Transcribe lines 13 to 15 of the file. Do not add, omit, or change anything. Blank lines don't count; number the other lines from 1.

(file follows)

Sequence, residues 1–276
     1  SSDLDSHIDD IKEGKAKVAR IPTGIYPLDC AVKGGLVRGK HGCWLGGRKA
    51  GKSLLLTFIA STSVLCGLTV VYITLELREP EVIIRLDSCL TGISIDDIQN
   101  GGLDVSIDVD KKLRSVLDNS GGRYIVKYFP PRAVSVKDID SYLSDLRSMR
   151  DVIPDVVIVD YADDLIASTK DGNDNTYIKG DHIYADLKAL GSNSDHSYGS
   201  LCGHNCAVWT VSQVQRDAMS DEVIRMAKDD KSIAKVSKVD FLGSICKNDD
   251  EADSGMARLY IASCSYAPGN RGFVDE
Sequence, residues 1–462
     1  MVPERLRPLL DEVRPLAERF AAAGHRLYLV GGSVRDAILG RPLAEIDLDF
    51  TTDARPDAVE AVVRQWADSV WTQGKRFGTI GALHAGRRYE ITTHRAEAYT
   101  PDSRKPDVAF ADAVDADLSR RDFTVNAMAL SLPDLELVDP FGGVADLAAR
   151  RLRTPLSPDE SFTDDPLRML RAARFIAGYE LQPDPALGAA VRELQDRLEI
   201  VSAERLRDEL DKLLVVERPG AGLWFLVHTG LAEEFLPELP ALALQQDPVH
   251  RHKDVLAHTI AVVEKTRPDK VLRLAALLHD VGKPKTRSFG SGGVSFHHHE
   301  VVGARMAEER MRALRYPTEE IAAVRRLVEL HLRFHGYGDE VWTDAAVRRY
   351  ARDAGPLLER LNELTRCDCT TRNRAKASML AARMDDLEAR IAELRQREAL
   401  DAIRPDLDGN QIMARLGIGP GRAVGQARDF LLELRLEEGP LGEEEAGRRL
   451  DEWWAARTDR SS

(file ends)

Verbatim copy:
   201  VSAERLRDEL DKLLVVERPG AGLWFLVHTG LAEEFLPELP ALALQQDPVH
   251  RHKDVLAHTI AVVEKTRPDK VLRLAALLHD VGKPKTRSFG SGGVSFHHHE
   301  VVGARMAEER MRALRYPTEE IAAVRRLVEL HLRFHGYGDE VWTDAAVRRY